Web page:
Looking inside PlatformIO's Build System

Today we are going to continue our blogpost series about PlatformIO with an explaination about how PlatformIO works under the bonnet, specifically the integration of SCONS, the underlying build system.

A Software construction tool

To give you a quick overview, here is a quote about what SCONS actually is:

  • “SCons is an Open Source software construction tool—that is, a next-generation build tool. Think of SCons as an improved, cross-platform substitute for the classic Make utility with integrated functionality similar to autoconf/automake and compiler caches such as ccache. In short, SCons is an easier, more reliable and faster way to build software.”

As you already know, PlatformIO supports tons of different development boards and therefor can compile for multiple targets from single source without the need of manual construction of Makefiles or similar. SCONS is the part which provides this functionality to PlatformIO.

Once PlatformIO and a project are set up (which you learned about in our previous posts), you may start to build and run your project. This is the time for SCONS.

Integration in PlatformIO

It is integrated and called via Python code which is a big advantage because SCONS itself is also making heavy usage of Python, for example its configuration files are written in Python, too. Think of it as a programmable build system which comes into existence when PlatformIO runs. This can be very helpful to solve complex building tasks. PlatformIO starts by constructing the necessary SCONS command by using variables which are already defined by you. These typically come from definitions in platformio.ini and may look like the following example:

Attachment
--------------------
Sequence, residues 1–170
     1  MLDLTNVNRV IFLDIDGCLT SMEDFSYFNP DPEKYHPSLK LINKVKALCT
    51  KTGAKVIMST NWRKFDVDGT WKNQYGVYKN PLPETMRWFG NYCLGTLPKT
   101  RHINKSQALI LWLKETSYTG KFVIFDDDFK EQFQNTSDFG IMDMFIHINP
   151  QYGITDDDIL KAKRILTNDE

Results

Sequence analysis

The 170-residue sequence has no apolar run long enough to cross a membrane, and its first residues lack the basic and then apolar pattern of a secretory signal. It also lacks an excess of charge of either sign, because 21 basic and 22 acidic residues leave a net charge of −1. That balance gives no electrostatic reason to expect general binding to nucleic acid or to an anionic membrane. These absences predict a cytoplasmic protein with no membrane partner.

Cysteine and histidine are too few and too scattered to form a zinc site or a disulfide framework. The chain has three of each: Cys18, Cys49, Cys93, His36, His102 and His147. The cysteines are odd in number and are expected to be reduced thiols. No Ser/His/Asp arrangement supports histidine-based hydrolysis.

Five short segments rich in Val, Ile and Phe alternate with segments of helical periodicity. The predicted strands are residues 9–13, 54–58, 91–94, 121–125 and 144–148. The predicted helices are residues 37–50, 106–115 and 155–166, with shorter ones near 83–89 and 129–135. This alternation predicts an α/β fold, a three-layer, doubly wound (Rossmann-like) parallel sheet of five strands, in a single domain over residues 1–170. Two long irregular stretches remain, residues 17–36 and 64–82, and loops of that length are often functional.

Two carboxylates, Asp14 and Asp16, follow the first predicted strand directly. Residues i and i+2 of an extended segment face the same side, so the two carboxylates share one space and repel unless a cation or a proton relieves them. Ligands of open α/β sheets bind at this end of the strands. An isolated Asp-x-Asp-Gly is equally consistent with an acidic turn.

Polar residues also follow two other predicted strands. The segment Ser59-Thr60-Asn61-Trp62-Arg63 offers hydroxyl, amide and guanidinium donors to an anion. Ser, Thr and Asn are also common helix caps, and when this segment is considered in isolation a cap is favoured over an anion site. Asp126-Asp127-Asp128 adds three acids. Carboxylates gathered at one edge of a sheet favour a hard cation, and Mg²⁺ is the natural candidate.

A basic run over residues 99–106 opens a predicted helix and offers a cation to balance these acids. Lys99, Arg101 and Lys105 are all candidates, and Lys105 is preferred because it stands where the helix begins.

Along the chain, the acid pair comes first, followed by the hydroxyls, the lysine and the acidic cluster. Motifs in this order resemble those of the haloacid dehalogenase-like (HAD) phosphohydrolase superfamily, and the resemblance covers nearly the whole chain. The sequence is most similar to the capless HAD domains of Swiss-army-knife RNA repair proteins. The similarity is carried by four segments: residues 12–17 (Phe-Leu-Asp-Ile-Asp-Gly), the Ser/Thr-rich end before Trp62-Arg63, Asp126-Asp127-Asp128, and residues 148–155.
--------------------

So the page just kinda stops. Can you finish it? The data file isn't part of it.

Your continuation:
'pioframework': 'arduino', 
  'board': 'nodemcuv2', 
  'pioplatform': 'espressif8266', 
  'pioenv': 'nodemcuv2'

After parsing the variables, PlatformIO comes up with the “ready to be executed” command (in this case on a windows box):

python.exe C:\\User\\.platformio\\packages\\tool-scons\\script\\scons 
  -Q -j 4 --warn=no-no-parallel-support 
  -f c:\\user\\.platformio\\penv\\lib\\site-packages\\platformio\\builder\\main.py 

For unknown reasons PlatformIO encodes some values with Base64. So, in cleartext it would look like:

python.exe C:\\User\\.platformio\\packages\\tool-scons\\script\\scons 
  -Q -j 4 --warn=no-no-parallel-support 
  -f c:\\user\\.platformio\\penv\\lib\\site-packages\\platformio\\builder\\main.py 

For your interest, you may take a look at the platform.json and main.py file here:

platform.json for our testcase

Now comes the most important part, which is that the non-platform specific main.py which was passed via the -f argument, is set as SCONS’ SConstruct file. This main.py is part of PlatformIO. You may imagine it as the equivalent of a common Makefile, but written in Python which gives it the power to handle complicated build tasks very dynamically. PlatformIO also provides the possibility to execute your own custom Python files before and/or after this step! You will receive more information about this in the next PlatformIO related blogpost. main.py takes the variables listed above as command line parameters, downloads necessary code and tools which are defined in the platform.json (see above) and furthermore sets up a build environment with necessary paths and variables for the actual compilation. If any optional variables are passed, these are also shifted to the environment. It basically generates a common C Makefile, but for now just as skeleton for the upcoming step. After preparing the environment, the SConstruct file is switched to the now platform-specific main.py, i.e. \\.platformio\\platforms\\espressif8266\\builder\\main.py which was set as “BUILD_SCRIPT” earlier on and is executed after. It replaces variables and fills the earlier mentioned Makefile skeleton with data required for platform specific compilation. Once done, there should be a ready-to-be-compiled Makefile for your specific target and parameters. In our case it looked like the following:


The above is JSON, but includes all define statements you'd typically find in a Makefile.

Last thing to do is the compilation which PlatformIO now starts with by using the common compilation way :) In the upcoming posts we're going to see how to include own program calls into the build process, i.e. to run a linter or a code coverage. Stay tuned!